Learning is at the core of entrepreneurial success. Not only do successful entrepreneurs know how to learn, they know what to learn, and they organize their work/life schedule so that they have time to learn. There are hundreds (probably thousands) of blogs and articles written about what it takes to be a successful entrepreneur. They talk about great teams, innovative products, compelling market opportunities, hard work, passion, imagination, timing, luck, and so many other notable aspects of what it takes to be successful. We agree. Our point is that in business today, change is constant, and to keep up with change, you need to keep learning.
According to InfoQ, a software development company, “A culture of continuous learning is vital to an organization that strives to be innovative. Knowledge is the foundation for new ideas, and the learning that produces knowledge is what keeps brains malleable to create innovative and disruptive solutions. Today’s business world moves much faster than it did 20 years ago. Businesses must be able to adapt, pivot, and grow into new market spaces if they hope to survive. Employees who are learning new technologies and solutions are the employees who will help solve the problems a business doesn’t yet know it has. Knowledgeable employees make a business flexible.”
How are your leadership skills, communication skills, and information skills? Probably pretty good. How are your learning skills? They might be rusty since it might have been a few years since you were in school, and learning was your job. Learning skills can be re-learned. In a blog post written by the State of Alberta, they suggest enhancing these skills:
- Time management
Now that we’ve touched on how to learn, let’s have a chat about what to learn. Here are a handful of skills worth learning or learning better:
- Problem Solving – As we mentioned above, change is constant. Managing change means solving new problems. You must have the skills required to define a problem, develop a solution, and then put it to work.
- Leadership – True leadership is about inspiring, motivating, and empowering. Leaders make good things happen. Leadership is one of those skills that you will never stop learning to do better.
- Communication – Communication has evolved beyond face-to-face interaction. Today, many of us communicate better through email and text messages than we do face-to-face. It is impossible to solve problems or lead without the ability to communicate effectively, no matter the medium of communication.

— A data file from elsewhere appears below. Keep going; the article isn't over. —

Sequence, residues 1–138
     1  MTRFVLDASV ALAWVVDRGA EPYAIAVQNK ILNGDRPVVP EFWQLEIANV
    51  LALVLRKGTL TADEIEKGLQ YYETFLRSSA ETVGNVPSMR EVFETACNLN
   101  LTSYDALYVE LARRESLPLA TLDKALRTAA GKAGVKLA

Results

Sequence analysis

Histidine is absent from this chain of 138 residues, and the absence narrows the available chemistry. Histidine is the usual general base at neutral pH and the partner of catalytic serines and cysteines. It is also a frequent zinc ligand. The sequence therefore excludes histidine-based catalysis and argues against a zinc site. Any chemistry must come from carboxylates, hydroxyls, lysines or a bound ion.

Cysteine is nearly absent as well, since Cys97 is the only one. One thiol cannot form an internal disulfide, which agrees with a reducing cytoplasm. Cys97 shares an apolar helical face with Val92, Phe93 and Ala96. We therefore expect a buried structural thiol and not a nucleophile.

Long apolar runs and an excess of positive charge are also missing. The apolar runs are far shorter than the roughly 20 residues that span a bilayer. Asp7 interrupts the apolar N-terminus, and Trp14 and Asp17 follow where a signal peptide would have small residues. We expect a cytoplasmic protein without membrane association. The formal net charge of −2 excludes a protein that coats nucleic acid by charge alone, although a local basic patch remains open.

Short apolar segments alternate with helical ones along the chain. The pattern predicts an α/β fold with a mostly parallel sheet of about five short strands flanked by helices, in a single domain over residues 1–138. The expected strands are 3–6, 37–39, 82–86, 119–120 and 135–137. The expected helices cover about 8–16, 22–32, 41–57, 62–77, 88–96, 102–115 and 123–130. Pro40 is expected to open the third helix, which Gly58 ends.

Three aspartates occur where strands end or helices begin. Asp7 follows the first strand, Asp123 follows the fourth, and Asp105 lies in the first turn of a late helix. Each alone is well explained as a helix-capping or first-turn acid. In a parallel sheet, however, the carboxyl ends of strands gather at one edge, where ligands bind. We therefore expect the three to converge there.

- Collaboration – The ability to collaborate across the room or across the world is critical to your success and the success of your organization. Excellent collaboration leads to better outcomes.
- Critical Thinking – After learning something, it is essential to understand how what you have learned has helped you or perhaps, others. Did your learning accomplish the original purpose for why you learned it in the first place? According to The Foundation for Critical Thinking, “Critical thinking is that mode of thinking – about any subject, content, or problem – in which the thinker improves the quality of his or her thinking by skillfully taking charge of the structures inherent in thinking and imposing intellectual standards upon them.”
- Managing Your Information – Learning how to manage information will enable you to better determine what is valuable and what is not.”
In our busy lives, how can we possibly make time to learn? News flash: Finding time to learn is not a time management issue; it is a priority issue. Here are some tips to make learning fit well into your daily life.
- Think about it, talk to your family and colleagues about it, ask questions about it (What did I learn this week? What did you learn this week?).
- Get serious and passionate about it. Isn’t learning similar to dieting? It won’t happen unless you are ready to make a real commitment to it.
- Try something, see if it works. Listen to blogs on your way to and from work. Check out YouTube. Take a course. Read.
- Download Apps such as Flipboard, Quora, Udemy.
- Dedicate 30 minutes to an hour each day.
- Make time for learning by outsourcing and delegating.
- Prioritize tasks.
- Multitask; learn while working.
In a Harvard Business Review blog published in February 2019 and titled, Making Learning a Part of Everyday Work, the authors write, “lifelong learning has become accepted as an economic imperative. Eighty percent of CEOs now believe the need for new skills is their biggest business challenge. For employees, research now shows that opportunities for development have become the second most important factor in workplace happiness (after the nature of the work itself). At the most fundamental level, we are a neotenic species, born with an instinct to learn throughout our lives. So it makes sense that at work we are constantly looking for ways to do things better; indeed, the growth-mindset movement is based on this human need. And whereas recruitment is an expensive, zero-sum game (if company A gets the star, company B does not), learning is a rising tide that lifts all boats.”
The inspiration for this article is my school-age grandson, who explained to me that learning is his job. I think he’s right. I got to thinking that even though I am an old grandfather, it should be my job too. If you are looking for some groundbreaking research on learning and working, you won’t find it here. Rather, think of this blog post as a friendly reminder from a learner.